"Much of the book is an elaboration of the tools and strategies that are available to intervening states before, during, and after crises break out. The debate on when and how the world should act in humanitarian crises will continue-and this inspired manifesto will be its essential guidebook." G. John Ikenberry, Foreign Affairs
"An account of the emergence of a new international norm--the responsibility to protect--by the person who has done more to develop it than any." Allan Gyngell, International Studies
"No one is better suited than Gareth Evans to describe this revolution of opinion and trace its consequences." Douglas Hurd, Survival
"The Responsibility to Protect is the most important and imaginative doctrine to emerge on the international scene for decades. No one is better placed than Gareth Evans to lead the debate about its scope and application to contemporary crises, such as Darfur, Myanmar, and Zimbabwe. And no one could have done it better than in this comprehensive and sophisticated book." Louise Arbour, UN High Commissioner for Human Rights, 2004–08, and chief prosecutor, Former Yugoslavia and Rwanda Tribunals, 1996–99
"We have been shamed so often by our failure to protect the victims of mass atrocity crimes. Gareth Evans's book is a passionate, lucidly argued, and immensely well-informed guide to how the world can do better." Desmond Tutu, Archbishop Emeritus of Cape Town
"A tour de force.... Gareth Evans, more than anyone, has persuaded leaders to accept their responsibility to protect the vulnerable, and convinced us that we can no longer be passive bystanders." Jan Egeland, UN Emergency Relief Coordinator, 2003–06
"Gareth Evans, one of the principal creators of the Responsibility to Protect, has written the first major work on this noble, important, and elusive concept. Anyone interested in international affairs should read this book on what is certain to be a continuing debate." Ambassador Richard Holbrooke, U.S. Permanent Representative to the United Nations,1999–2001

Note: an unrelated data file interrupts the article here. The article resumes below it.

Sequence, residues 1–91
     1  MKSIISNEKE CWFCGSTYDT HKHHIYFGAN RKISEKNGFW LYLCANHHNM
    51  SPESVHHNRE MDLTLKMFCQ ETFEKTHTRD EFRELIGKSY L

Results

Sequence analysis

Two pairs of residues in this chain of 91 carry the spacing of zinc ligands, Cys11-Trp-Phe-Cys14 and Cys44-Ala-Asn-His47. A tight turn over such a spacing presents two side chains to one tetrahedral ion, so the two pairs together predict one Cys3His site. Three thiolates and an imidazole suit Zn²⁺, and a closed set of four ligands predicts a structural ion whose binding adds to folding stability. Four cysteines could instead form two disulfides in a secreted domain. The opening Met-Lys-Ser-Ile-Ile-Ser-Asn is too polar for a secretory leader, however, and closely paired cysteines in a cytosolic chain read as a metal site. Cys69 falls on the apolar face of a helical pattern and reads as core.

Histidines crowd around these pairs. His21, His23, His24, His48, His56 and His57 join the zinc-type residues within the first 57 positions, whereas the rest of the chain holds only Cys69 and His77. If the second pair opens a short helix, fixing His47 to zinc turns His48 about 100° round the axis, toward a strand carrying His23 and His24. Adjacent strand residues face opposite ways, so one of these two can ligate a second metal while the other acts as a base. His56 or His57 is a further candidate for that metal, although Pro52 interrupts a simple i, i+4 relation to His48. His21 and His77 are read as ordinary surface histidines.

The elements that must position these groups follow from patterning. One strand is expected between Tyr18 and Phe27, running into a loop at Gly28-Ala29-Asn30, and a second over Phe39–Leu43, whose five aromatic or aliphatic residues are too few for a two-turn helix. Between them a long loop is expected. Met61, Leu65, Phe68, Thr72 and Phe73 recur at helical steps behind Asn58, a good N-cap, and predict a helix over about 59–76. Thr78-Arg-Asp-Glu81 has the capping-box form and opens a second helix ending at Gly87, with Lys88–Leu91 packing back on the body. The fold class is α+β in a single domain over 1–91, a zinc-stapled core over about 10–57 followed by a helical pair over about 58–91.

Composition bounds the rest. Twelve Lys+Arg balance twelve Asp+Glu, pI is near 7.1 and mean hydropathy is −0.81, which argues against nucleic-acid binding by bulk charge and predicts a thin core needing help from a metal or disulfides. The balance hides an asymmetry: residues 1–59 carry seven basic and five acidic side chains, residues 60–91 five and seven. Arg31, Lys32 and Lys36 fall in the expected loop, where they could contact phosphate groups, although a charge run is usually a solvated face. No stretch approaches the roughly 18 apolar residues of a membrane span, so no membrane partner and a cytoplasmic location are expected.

"We can no longer ignore atrocities beamed into our living rooms. Our conscience demands that we react whenever people suffer, from Rwanda to Srebrenica, from Darfur to Gaza. This volume could not be more timely or relevant." Kishore Mahbubani, Dean, Lee Kuan Yew School of Public Policy, Singapore, and author of The New Asian Hemisphere
"I strongly endorse Gareth Evans's eloquent argument. This call to prevent terrible crimes against humanity like those I witnessed in Rwanda is one we must answer." General Romeo Dallaire, author of Shake Hands with the Devil: The Failure of Humanity in Rwanda
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Book Description Brookings Institution Press, 2008. Hardcover. Condition: New. Seller Inventory # DADAX0815725043
Book Description Brookings Institution Press. Hardcover. Condition: New. 0815725043 New Condition. Seller Inventory # NEW7.0412628
Book Description Brookings Institution Press, 2008. Condition: New. book. Seller Inventory # M0815725043